Pharmacists Play Key Roles in Seasonal Respiratory Immunizations


In addition to the annual flu vaccines, COVID-19 boosters and RSV vaccines present new opportunities for pharmacists to advise patients.

In an interview with Pharmacy Times, Chris Altman, PharmD, Director of Immunizations and Clinical Programs at Rite Aid, discussed the upcoming Winter and impending respiratory illness season. In addition to the annual flu vaccines, COVID-19 boosters and respiratory syncytial virus (RSV) vaccines present new opportunities for pharmacists to advise patients and ensure they are up to date on all immunizations.

Q: Can you discuss the importance of immunizations for respiratory illnesses overall, and particularly over the last couple of years?

Chris Altman, PharmD: Yeah, I think the one thing we need as a pharmacy chain [and] as pharmacists, is we really [need to] understand the value vaccinations play in preventing disease, specifically preventing respiratory illnesses. We've seen really sort of a spectrum of what the communities are really up against for the last couple of years, [such as] something as easy as influenza, which is relatively routine and almost, to some extent, expected every year. The influenza is going to creep up, so getting that flu shot gives that protection. And then over the last couple of years, obviously COVID-19 came. In the pandemic, we saw a lot of areas really reacting in real time to that virus spreading and the evolution of the virus. So, at this point, now we're in a state where COVID-19 is now, sort of, in this seasonal sense, with new viruses or new strains of the virus circulating and new vaccines being provided. And then more recently, we've seen attention around things like respiratory syncytial virus or RSV, another virus starting to spread this season. So, luckily, we got a new vaccine also introduced this last year to help protect against that. So really, across the gamut, the idea is there are lots of things you can do to prevent illness: masking, hand washing, and social distancing. But the most important piece of that is getting the vaccine because that vaccine reduces likeliness of getting it. And then if you end up getting sick, [the vaccine] reduces the severity of illness.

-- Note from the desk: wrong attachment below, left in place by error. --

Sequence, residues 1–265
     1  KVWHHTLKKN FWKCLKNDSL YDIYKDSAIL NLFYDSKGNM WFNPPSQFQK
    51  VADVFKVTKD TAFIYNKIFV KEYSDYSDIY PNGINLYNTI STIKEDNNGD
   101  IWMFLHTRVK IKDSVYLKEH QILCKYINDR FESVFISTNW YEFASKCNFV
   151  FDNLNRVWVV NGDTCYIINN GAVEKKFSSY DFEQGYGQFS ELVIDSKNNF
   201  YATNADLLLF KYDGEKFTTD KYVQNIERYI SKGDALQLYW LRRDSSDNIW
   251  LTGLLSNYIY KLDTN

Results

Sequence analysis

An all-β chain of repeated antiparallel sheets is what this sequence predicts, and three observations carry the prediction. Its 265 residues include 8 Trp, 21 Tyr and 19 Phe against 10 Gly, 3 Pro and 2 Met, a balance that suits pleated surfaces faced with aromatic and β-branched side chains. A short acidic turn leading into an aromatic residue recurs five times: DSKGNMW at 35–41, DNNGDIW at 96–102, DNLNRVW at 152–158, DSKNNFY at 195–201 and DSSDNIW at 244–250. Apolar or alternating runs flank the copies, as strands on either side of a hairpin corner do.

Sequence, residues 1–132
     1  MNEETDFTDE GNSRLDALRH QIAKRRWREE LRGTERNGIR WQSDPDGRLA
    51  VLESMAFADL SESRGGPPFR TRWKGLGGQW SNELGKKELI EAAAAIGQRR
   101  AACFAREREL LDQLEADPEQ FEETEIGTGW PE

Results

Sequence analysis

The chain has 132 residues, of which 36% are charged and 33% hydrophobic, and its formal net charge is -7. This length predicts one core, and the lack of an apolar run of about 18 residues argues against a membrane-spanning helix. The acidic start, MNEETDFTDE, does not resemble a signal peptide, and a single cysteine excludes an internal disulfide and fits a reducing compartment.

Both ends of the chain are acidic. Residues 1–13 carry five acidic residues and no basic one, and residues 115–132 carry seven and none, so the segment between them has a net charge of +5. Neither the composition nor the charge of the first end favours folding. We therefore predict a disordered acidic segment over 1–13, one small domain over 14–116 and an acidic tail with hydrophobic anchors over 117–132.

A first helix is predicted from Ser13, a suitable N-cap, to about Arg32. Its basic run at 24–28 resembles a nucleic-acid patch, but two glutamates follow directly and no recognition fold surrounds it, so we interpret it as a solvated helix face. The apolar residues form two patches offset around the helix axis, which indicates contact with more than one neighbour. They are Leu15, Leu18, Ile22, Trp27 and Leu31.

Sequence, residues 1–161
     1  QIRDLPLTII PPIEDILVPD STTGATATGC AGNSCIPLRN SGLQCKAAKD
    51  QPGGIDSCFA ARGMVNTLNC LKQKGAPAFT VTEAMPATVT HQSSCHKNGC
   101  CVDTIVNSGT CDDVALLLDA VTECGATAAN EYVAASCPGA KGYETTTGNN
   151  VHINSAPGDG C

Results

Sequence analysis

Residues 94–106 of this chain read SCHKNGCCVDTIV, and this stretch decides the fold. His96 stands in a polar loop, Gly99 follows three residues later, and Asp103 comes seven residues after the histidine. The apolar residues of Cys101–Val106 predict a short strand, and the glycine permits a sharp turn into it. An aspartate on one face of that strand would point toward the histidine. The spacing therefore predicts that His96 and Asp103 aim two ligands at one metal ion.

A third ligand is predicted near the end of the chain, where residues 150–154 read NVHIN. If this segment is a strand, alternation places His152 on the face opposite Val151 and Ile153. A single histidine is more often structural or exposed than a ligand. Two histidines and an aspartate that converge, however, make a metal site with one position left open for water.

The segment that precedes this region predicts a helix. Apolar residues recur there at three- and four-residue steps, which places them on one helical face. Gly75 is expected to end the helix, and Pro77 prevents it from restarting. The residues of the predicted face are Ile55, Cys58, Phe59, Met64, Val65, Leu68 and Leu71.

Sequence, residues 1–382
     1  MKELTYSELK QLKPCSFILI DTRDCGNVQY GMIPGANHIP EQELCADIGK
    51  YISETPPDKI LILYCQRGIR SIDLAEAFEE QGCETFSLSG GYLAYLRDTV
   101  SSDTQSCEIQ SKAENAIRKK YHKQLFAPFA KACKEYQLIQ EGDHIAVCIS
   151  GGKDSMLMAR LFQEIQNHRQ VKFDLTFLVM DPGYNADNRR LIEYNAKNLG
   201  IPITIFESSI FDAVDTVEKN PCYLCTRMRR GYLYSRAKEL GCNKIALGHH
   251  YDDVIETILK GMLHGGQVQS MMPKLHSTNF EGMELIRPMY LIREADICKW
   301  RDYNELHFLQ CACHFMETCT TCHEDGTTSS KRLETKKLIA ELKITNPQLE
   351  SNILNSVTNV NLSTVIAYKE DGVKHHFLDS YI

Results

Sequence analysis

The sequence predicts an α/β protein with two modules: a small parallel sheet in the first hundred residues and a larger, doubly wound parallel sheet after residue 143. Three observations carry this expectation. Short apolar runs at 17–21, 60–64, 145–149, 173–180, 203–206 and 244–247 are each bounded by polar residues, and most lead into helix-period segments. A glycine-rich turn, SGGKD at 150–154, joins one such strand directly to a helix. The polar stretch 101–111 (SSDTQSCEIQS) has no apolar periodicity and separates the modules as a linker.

Q: Is there any data to help predict how severe this winter could be for respiratory illnesses?